Rick Poynor


Rick Poynor is a writer, critic, lecturer and curator, specialising in design, photography and visual culture. He founded Eye, co-founded Design Observer, and contributes columns to Eye and Print. His latest book is Uncanny: Surrealism and Graphic Design. He is Visiting Professor in Critical Writing in Art & Design at the Royal College of Art, London.


Rick Poynor: BookNo More Rules: Graphic Design and Postmodernism
Rick Poynor
Laurence King Publishing/Yale University Press, 2003; new edition, 2013

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The past thirty years have seen profound changes in the field of graphic communication. As the computer became a ubiquitous tool, there was an explosion of creativity in graphic design; designers and typographers jettisoned existing rules and forged experimental new approaches. No More Rules is the first critical survey to offer a wide-ranging overview of the graphic revolution during the postmodern period.

The book tells this story in detail, breaking down a broad, multifaceted field of design activity into key developments and themes: the origins of postmodern graphic design; deconstructionist design and theory; issues of appropriation; the revolution in digital type; questions of authorship; and critiques of postmodern graphic design. Each theme is illustrated by spectacular and significant examples of work produced between 1970 and 2000 that changed the way in which designers and their audiences think about graphic communication.

“In the hurly-burly world of design publishing, where word-counts are minimal, and ‘never before published’ images are reputed to be what the punters want, it’s a treat to be presented with such a tightly constructed narrative.”
— Liz Farrelly, Blueprint

“Poynor eases us through the theoretical forest with lucid prose and his profound knowledge of the history of graphic design.”
— Adrian Shaughnessy, Creative Review

“The most comprehensive collection of graphic design work under the rubric of postmodernism yet... Poynor’s undertaking brings clarity to a confusing subject.”
— Armin Vit, Speak Up

“Indispensable... Beautifully printed and bound, lavishly illustrated, comprehensive, and important... Highly recommended.”
— Choice

Rick Poynor: BookUncanny: Surrealism and Graphic Design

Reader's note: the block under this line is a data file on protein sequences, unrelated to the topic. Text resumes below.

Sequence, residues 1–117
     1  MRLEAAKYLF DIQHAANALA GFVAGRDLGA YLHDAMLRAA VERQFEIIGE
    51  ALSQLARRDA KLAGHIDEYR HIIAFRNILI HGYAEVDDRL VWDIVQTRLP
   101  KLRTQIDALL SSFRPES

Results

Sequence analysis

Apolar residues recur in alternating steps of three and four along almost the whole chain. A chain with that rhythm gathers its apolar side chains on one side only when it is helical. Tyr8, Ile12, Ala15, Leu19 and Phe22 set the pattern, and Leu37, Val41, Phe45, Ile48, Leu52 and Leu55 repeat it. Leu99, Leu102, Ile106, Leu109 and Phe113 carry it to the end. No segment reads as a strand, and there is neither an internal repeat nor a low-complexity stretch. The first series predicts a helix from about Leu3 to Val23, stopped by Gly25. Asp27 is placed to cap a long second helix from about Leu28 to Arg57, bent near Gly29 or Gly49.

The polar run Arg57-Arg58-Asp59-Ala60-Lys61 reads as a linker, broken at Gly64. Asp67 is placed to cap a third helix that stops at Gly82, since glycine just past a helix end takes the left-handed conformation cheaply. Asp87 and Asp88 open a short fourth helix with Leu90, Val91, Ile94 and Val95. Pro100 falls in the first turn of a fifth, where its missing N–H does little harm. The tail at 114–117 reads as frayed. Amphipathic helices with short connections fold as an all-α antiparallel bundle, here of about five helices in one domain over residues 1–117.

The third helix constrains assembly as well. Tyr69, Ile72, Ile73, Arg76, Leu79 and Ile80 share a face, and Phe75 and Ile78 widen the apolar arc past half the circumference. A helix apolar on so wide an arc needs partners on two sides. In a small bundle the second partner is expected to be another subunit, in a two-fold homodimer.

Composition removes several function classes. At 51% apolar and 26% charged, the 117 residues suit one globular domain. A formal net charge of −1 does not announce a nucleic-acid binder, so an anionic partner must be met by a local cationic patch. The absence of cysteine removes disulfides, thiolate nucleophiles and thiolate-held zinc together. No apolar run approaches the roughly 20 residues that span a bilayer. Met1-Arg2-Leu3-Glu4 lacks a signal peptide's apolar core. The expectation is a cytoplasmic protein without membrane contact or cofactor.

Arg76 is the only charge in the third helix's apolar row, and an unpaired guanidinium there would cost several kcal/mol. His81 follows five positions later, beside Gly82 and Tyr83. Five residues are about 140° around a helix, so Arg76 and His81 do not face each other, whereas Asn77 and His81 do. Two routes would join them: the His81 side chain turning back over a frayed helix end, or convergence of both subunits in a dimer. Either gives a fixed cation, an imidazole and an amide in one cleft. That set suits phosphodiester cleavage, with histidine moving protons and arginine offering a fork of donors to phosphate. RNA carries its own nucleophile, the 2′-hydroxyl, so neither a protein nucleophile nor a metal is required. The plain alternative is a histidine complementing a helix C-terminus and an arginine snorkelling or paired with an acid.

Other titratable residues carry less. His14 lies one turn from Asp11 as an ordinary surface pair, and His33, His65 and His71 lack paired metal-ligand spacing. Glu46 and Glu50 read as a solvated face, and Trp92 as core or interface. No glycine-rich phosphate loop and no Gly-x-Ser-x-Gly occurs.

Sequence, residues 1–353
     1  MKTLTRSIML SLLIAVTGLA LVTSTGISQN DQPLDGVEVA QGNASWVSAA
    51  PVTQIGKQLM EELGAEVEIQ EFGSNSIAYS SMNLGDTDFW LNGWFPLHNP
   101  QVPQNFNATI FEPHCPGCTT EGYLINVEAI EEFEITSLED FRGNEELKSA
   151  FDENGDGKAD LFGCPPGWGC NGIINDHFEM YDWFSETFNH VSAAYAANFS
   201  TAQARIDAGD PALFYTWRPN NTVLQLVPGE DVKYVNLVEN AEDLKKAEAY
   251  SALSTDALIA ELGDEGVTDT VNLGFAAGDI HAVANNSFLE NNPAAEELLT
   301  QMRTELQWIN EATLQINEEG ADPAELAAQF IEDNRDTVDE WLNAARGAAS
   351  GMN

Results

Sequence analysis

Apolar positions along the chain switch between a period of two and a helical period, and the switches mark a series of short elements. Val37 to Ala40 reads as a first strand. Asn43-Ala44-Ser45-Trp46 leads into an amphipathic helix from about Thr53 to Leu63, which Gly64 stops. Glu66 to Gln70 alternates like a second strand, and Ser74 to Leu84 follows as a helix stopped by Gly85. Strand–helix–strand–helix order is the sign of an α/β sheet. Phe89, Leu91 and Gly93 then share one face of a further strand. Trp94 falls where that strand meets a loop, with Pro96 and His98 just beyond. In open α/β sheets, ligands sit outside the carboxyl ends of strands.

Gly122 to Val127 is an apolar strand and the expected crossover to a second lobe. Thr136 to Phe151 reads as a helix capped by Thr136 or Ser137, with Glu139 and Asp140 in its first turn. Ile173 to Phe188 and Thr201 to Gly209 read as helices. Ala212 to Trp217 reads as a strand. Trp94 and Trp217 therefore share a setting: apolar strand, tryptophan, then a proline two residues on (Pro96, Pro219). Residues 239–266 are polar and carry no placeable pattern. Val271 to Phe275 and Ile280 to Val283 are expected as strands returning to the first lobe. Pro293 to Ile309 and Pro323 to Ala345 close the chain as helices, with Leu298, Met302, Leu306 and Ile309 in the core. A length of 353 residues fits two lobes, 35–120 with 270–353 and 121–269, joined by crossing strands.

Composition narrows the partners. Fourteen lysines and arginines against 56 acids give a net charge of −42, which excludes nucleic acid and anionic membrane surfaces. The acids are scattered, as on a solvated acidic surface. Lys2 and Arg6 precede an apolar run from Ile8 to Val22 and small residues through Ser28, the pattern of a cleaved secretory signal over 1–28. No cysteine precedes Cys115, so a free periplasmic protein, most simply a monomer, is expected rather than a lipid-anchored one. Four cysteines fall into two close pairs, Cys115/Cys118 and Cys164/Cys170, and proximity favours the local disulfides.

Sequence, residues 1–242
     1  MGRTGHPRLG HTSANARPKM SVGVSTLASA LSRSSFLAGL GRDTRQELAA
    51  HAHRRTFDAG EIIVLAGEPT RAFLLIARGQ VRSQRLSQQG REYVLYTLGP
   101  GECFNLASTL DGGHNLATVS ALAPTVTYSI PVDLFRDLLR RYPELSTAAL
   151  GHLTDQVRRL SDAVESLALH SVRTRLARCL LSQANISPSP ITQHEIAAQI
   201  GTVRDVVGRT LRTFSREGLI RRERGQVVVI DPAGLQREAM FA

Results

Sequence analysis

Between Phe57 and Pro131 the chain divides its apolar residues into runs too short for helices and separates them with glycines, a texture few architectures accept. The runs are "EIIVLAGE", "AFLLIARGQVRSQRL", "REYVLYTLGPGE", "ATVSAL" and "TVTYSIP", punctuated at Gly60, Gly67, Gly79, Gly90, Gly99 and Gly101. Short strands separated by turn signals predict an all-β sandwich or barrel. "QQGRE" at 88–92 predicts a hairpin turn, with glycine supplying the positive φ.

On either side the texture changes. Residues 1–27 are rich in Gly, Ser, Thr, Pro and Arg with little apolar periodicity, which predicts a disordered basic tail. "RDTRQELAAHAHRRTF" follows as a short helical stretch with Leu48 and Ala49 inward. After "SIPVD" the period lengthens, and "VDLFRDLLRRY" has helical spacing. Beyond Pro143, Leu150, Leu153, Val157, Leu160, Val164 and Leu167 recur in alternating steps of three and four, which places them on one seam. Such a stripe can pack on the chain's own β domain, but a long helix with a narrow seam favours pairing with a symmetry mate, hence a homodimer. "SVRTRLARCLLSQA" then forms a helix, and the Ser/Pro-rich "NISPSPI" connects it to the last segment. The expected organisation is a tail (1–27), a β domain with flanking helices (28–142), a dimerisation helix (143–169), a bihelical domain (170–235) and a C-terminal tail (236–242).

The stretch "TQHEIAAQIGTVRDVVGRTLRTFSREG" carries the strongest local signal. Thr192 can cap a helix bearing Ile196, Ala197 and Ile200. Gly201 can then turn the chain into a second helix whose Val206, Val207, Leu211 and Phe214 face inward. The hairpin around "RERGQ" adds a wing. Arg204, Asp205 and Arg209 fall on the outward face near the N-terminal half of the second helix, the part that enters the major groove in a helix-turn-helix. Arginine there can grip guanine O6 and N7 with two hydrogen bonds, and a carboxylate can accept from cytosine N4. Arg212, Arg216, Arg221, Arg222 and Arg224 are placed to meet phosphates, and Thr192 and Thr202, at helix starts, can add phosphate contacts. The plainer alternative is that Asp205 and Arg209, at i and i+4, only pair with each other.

Rick Poynor
Moravian Gallery, 2010

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Uncanny: Surrealism and Graphic Design, curated by Poynor for the Moravian Gallery in Brno, in the Czech Republic, is the first major exhibition to explore the influence of Surrealism on graphic image-making and graphic design.

The catalogue, like the exhibition, is divided into thematic sections: Birth of the Marvelous; The Polymorphous Image; The Surreal Body; Cabinets of Wonder; and The Liberated Letterform. The book includes work by Karel Teige, Jindřich Štyrský, Jan Švankmajer, Josef Vylet’al, Roman Cieslewicz, Jan Lenica, Franciszek Starowieyski, Bronislaw Zelek, M/M (Paris), Andrzej Klimowski, Vaughan Oliver, Quay Brothers, Elliott Earls, Edward Fella, Jonathon Rosen, and many others.

Most graphic design conforms to an underlying grid, a sense of structure and good taste, which brings order but also imposes limits. The images and designs collected in Uncanny break free from these restrictions and follow the impulses of a wayward, subjective, dreamlike logic to arrive at their own kind of equilibrium and form. They show that graphic design can also sometimes be a place to encounter the strange, the fantastical and the uncanny, to rediscover our lost sense of mystery, and to experience the convulsive beauty and capacity for enchantment and wonder that the Surrealists called “the marvelous.”

Rick Poynor: BookJan van Toorn: Critical Practice
Rick Poynor
010 Publishers, 2008

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Jan van Toorn is one of the most significant and influential Dutch graphic designers to have emerged since the early 1960s. While graphic design often does little more than give unthinking visual form to the status quo, Van Toorn focused on meaning rather than smooth stylistic expression and developed critical alternatives to the usual design world conventions.

Van Toorn aligned himself with the reflexive tradition of art and communication exemplified by Brecht and Godard. His designs persistently call attention to their status as visual contrivances, obliging the viewer to make an effort to process their complexities. Van Toorn wanted the public to measure the motives of both the client and the designer who mediates the client’s message against their own experiences of the world. He hoped in this way to stimulate a more active and skeptical view of art, communication, media ownership and society.

“Rick Poynor’s essay provides a thoughtful analysis of the designer’s work that helps the reader to make sense of it... Van Toorn is first and foremost a designer, and in that capacity he is well served by this outstanding survey of his illustrious career.”
— Victor Margolin, Print

“This book is not only a commendable contribution to design history but a rare example of a graphic design monograph that celebrates forms and comprehensively presents a body of work that is deeply engaged in issues of social consciousness.”
— Peter Bil’ak, Eye

“This monograph is more than a record of fascinating career. Van Toorn’s output is dissected with the insight and attention to detail only a justly lauded design critic like Poynor could manage. An excellent addition to any designer’s library.”
— Step Inside Design

Rick Poynor: BookDesigning Pornotopia: Travels in Visual Culture
Rick Poynor
Laurence King Publishing/Princeton Architectural Press, 2006